By STEPHEN GROVES – Associated Press
SIOUX FALLS, SD (AP) — South Dakota Gov. Kristi Noem faces a lawsuit after her office refused to release expense reports for five out-of-state trips this year to a watchdog group liberal.
American Oversight, an organization that files open case requests and litigation against Republican officials, filed a lawsuit on Tuesday against Noem, who is in the midst of a re-election campaign and is considering a bid for the 2024 presidential ticket from the GOP. He alleges that the governor’s office failed to follow the state’s open records law in saying releasing the records would create a security threat to the governor.
In May, the organization requested statements of expenses, including accommodation and travel, for 2022 trips Noem took to a hunting convention in Las Vegas, two Republican Party events in Wyoming, and in New York, at the Conservative Political Action Conference and at a campaign event for Republican U.S. Senator Mike Lee in Utah.
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American Oversight also said the South Dakota Department of Labor and Regulation did not respond to its request for records for legal fees associated with negotiating a $200,000 settlement agreement with a former government employee, Sherry Bren. She had filed an age discrimination complaint after being forced into retirement by Marcia Hultman, Noem’s secretary of labor. Hultman began seeking Bren’s retirement in the weeks after Noem’s daughter, Kassidy Peters, obtained her real estate appraiser’s license – a process in which Noem took on a hands-on role.
“We have asked Governor Noem to disclose what some high-profile cases have cost South Dakota, specifically for his travel expenses and costs related to his involvement in his daughter’s real estate licensing,” said Heather Sawyer, executive director of American Oversight. “South Dakota law requires disclosure of public spending and the public has the right to see how Governor Noem spends his money.”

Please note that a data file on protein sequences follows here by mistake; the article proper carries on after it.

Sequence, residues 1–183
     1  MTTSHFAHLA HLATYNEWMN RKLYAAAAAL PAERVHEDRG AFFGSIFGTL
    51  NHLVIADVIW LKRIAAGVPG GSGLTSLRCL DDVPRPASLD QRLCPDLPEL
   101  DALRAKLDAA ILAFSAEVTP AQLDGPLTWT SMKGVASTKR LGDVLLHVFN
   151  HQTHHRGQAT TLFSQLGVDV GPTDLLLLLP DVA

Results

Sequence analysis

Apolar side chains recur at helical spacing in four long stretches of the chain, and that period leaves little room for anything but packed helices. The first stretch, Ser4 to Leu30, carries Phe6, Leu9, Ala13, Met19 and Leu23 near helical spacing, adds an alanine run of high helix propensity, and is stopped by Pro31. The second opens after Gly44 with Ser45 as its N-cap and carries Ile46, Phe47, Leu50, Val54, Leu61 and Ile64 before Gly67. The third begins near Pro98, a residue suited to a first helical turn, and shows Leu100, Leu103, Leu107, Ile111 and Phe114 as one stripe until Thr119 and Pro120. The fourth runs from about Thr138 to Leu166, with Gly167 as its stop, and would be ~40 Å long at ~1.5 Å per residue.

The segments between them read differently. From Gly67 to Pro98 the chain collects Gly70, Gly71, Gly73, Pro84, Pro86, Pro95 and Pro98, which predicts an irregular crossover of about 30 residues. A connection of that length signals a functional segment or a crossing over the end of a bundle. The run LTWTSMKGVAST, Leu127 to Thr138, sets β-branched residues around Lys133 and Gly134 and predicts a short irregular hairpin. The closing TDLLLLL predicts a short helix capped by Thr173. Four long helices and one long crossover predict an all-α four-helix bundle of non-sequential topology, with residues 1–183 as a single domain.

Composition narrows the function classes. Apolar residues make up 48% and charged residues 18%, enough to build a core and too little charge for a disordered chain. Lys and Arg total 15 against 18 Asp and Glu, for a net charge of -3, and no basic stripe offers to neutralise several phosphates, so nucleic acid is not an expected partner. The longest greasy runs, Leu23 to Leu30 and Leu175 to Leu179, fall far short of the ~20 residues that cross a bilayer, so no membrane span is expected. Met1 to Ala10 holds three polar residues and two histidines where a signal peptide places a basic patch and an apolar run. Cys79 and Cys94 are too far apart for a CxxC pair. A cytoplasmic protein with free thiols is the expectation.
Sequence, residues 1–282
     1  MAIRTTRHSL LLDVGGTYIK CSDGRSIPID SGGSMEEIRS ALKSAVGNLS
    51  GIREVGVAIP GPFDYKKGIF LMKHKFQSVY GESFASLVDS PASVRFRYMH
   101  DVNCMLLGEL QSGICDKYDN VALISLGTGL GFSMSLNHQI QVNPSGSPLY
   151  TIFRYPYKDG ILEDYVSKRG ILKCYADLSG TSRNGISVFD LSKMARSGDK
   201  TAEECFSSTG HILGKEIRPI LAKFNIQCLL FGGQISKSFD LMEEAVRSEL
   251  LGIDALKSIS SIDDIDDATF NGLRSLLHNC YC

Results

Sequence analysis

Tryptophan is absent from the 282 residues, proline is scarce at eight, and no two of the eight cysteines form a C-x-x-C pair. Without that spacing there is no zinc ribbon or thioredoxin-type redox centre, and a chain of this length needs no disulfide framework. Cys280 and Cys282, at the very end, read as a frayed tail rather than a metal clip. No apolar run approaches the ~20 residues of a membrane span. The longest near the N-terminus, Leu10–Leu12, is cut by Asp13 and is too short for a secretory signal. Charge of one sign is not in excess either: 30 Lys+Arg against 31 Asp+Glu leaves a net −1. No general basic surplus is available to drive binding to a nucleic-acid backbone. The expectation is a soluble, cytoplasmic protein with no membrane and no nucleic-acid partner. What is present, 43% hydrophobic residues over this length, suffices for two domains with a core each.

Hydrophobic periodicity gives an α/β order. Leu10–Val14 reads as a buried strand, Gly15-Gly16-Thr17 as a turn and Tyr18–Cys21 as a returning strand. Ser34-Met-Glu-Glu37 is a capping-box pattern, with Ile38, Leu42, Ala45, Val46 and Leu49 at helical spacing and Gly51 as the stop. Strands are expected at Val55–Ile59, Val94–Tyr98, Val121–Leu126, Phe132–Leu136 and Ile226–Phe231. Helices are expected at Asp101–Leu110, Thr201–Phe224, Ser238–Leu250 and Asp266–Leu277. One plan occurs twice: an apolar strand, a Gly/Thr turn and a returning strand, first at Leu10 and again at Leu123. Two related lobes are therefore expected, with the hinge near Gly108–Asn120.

As Noem rose to national prominence in the GOP and traveled the country speaking at events, she faced intense scrutiny of the costs of her trip, including investigations into what it costs taxpayers to keep him safe at out-of-state campaign events. Noem’s office declined to release these charges, saying it would threaten his safety.
She is too facing an investigation whether the use of a government-owned aircraft to travel to 2019 events organized by political organizations was a legal use of the aircraft. Noem championed the trips as part of her job as an “ambassador” for the state. She did not use any state-owned aircraft on the 2022 trips.
The governor’s office and the Department of Labor and Regulation did not immediately comment on the lawsuit.
Ian Fury, spokesperson for Noem’s campaign, said in a statement: “This is a baseless political attack by a militant liberal organisation. They have no interest in the truth. Their tactics are typical of election year propaganda.
He did not answer when asked whether Noem’s political funds paid for expenses such as accommodation when she traveled to political events.
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